Travel always brings up nostalgia – especially for places that were untouched by the internet and outside eyes. When you could actually explore and search out new territory no one had ever been to. What did people look like back then? What has changed? Now we know. So what did the world look like in 1888?
Thanks to a new exhibit, held at the Camera Museum in Vevey, Switzerland, we can now see in color what places like Venice, Morocco, Switzerland and Istanbul looked like. It is remarkable art show, containing colored pictures of famous tourist sites in 1888. Some are still recognizable, some not.
In the 1880s, Hans Jakob Schmid perfected a magnificent photographic colour printing process, called Photochrome. Starting from a black and white negative transferred onto as many lithographic stones as colours required in the final image, a subtly nuanced print was achieved at a time when colour photography was still only in its infancy.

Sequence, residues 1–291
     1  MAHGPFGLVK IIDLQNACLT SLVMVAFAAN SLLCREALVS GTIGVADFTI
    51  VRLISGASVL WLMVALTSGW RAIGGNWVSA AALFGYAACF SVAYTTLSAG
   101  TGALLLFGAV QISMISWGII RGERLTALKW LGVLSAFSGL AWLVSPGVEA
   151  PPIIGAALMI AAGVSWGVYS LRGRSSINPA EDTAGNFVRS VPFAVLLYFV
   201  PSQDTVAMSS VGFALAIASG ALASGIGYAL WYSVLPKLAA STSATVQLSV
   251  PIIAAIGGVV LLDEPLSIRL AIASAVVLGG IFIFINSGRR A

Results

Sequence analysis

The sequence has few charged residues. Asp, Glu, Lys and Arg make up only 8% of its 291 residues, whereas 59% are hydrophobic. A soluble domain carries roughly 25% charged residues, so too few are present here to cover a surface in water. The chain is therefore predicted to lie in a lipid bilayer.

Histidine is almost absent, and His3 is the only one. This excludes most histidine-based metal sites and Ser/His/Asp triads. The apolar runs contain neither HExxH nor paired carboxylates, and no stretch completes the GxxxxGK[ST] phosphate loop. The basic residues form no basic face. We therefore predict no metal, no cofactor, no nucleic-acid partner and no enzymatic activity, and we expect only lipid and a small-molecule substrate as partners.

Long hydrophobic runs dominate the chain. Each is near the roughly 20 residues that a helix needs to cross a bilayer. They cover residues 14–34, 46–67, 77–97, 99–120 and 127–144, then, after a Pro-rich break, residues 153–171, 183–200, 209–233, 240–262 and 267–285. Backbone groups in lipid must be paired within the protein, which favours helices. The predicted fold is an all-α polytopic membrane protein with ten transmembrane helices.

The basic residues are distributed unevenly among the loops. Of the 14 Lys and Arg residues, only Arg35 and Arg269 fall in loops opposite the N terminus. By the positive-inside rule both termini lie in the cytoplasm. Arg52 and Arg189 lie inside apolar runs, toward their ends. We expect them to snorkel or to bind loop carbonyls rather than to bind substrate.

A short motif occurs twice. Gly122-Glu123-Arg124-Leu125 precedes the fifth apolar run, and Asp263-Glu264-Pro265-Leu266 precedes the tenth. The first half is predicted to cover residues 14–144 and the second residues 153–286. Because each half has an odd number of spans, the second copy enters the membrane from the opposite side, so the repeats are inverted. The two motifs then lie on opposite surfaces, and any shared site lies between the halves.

At that time, Hans Jakob Schmid worked at the Orell Füssli Printing Company in Zurich, which took out a patent for this process in 1888 and founded the company Photoglob Zürich (P.Z.), with the express purpose of marketing the images in very varied formats, up to 40×50 cm, which enjoyed an immediate success and well beyond Switzerland’s borders. The First World War and the arrival on the market of the first colour photography processes sounded the knell of Photochrome.
The museum is displaying a sizeable collection of Photochromes, including large format views, sometimes panoramic, albums and various smaller collections, touristic pictures, which constituted a real invitation to travel across the world at the turn of the XIXth and XXth centuries.
The exhibit runs until August 21th, 2016. Time is running out – so go now!
Check out more photos here: